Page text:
ToxFAQsTM for Methylene Chloride

Spanish: Cloruro de Metileno

CAS#: 75-09-2

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This fact sheet answers the most frequently asked health questions about methylene chloride. For more information, you may call the ATSDR Information Center at 1-800-232-4636. This fact sheet is one in a series of summaries about hazardous substances and their health effects. This information is important because this substance may harm you. The effects of exposure to any hazardous substance depend on the dose, the duration, how you are exposed, personal traits and habits, and whether other chemicals are present.


Exposure to methylene chloride occurs mostly from breathing contaminated air, but may also occur through skin contact or by drinking contaminated water. Breathing in large amounts of methylene chloride can damage the central nervous system. Contact of eyes or skin with methylene chloride can result in burns. Methylene chloride has been found in at least 882 of 1,569 National Priorities List sites identified by the Environmental Protection Agency (EPA).

What is methylene chloride?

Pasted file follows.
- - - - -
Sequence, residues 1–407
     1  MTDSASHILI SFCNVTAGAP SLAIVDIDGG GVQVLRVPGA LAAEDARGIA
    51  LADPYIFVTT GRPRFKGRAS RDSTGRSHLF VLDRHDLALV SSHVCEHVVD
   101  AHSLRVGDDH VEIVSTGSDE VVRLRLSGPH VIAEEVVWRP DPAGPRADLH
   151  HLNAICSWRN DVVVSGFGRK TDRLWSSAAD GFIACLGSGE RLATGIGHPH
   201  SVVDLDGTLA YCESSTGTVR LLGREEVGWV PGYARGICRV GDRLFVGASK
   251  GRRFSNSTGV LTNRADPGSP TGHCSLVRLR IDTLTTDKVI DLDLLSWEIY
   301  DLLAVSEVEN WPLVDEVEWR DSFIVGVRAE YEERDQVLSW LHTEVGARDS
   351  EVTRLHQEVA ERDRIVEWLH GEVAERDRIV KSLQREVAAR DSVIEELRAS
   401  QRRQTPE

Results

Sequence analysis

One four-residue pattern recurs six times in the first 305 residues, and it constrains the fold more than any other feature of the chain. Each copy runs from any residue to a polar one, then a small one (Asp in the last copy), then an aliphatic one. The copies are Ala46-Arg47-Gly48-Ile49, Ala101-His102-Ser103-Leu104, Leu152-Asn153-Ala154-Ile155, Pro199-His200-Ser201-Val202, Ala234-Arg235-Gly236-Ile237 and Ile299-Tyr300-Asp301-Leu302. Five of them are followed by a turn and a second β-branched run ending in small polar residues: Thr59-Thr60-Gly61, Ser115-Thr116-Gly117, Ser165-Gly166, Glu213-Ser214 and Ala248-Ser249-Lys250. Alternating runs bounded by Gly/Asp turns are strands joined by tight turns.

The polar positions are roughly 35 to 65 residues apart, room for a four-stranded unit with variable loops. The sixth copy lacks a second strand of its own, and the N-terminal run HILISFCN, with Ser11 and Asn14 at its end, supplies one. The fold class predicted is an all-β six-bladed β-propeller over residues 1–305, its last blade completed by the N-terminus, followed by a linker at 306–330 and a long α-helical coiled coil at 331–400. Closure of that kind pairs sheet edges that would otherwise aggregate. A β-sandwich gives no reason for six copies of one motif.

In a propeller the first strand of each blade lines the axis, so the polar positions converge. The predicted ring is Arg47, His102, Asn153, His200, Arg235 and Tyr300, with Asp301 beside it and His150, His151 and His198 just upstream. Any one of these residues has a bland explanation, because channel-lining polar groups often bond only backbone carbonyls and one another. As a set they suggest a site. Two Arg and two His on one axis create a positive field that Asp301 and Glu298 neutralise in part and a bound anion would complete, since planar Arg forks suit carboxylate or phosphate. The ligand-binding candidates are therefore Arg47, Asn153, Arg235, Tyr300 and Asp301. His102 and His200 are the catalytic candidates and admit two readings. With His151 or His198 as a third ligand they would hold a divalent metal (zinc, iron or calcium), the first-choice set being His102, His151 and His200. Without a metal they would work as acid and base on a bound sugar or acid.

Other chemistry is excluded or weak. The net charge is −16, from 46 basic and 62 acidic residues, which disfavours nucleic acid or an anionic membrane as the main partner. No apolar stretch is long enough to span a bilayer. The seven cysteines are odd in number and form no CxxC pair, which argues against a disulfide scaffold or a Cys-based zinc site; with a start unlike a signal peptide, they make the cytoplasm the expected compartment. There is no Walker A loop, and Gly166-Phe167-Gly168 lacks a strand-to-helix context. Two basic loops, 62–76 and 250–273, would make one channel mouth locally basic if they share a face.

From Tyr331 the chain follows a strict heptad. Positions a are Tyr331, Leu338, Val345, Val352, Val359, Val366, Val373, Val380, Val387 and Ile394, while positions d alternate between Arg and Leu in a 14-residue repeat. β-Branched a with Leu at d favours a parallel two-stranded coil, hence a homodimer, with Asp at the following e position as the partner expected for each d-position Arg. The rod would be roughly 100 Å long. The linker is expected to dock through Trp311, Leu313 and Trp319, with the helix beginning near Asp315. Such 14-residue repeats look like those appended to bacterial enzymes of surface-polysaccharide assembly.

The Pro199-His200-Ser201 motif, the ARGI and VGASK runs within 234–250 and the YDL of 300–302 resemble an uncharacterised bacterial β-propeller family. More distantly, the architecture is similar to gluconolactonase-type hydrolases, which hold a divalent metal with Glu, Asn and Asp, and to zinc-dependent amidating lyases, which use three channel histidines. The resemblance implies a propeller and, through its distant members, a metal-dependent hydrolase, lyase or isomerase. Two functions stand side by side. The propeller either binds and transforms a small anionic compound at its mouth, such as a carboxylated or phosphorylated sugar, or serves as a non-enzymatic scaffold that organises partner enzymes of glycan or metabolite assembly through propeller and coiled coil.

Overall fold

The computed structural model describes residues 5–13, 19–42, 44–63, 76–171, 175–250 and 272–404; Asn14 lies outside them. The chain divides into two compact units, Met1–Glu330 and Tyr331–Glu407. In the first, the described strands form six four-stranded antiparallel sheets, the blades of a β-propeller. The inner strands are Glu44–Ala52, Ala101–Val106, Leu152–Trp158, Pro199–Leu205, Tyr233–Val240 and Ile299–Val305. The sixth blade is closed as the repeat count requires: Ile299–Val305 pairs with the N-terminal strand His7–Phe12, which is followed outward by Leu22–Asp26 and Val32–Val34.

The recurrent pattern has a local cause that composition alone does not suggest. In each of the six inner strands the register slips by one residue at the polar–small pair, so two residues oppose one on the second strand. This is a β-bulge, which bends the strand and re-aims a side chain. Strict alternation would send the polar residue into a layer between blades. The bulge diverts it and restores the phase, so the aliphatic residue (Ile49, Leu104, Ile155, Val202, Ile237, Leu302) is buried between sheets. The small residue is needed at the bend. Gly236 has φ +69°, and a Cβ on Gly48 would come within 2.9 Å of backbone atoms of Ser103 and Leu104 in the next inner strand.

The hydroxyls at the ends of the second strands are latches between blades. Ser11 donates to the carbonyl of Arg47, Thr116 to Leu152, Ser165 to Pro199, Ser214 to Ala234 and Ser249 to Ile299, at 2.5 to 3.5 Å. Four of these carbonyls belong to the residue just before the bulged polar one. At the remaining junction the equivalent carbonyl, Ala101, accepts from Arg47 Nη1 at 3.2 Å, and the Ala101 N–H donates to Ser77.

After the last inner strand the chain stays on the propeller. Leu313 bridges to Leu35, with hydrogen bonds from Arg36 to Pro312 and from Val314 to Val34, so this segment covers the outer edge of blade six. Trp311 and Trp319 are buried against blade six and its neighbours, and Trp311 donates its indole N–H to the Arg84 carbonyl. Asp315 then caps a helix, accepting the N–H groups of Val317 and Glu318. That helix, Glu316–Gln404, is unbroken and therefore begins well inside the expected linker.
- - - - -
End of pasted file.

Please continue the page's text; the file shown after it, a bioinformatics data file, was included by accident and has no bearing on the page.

Methylene chloride is a colorless liquid with a mild, sweet odor. Another name for it is dichloromethane. Methylene chloride does not occur naturally in the environment.

Methylene chloride is used as an industrial solvent and as a paint stripper. It may also be found in some aerosol and pesticide products and is used in the manufacture of photographic film.

What happens to methylene chloride when it enters the environment?

  • Methylene chloride is mainly released to the environment in air. About half of the methylene chloride in air disappears in 53 to 127 days.
  • Methylene chloride does not easily dissolve in water, but small amounts may be found in drinking water.
  • We do not expect methylene chloride to build up in plants or animals.

How might I be exposed to methylene chloride?

  • The most likely way to be exposed to methylene chloride is by breathing contaminated air.
  • Breathing the vapors given off by products containing methylene chloride. Exposure to high levels of methylene chloride is likely if methylene chloride or a product containing it is used in a room with inadequate ventilation.

How can methylene chloride affect my health?

If you breathe in large amounts of methylene chloride you may feel unsteady, dizzy, and have nausea and a tingling or numbness of your finger and toes. A person breathing smaller amounts of methylene chloride may become less attentive and less accurate in tasks requiring hand-eye coordination. Skin contact with methylene chloride causes burning and redness of the skin.

How likely is methylene chloride to cause cancer?

We do not know if methylene chloride can cause cancer in humans. An increased cancer risk was seen in mice breathing large amounts of methylene chloride for a long time.

The World Health Organization (WHO) has determined that methylene chloride may cause cancer in humans.

The Department of Health and Human Services (DHHS) has determined that methylene chloride can be reasonably anticipated to be a cancer-causing chemical.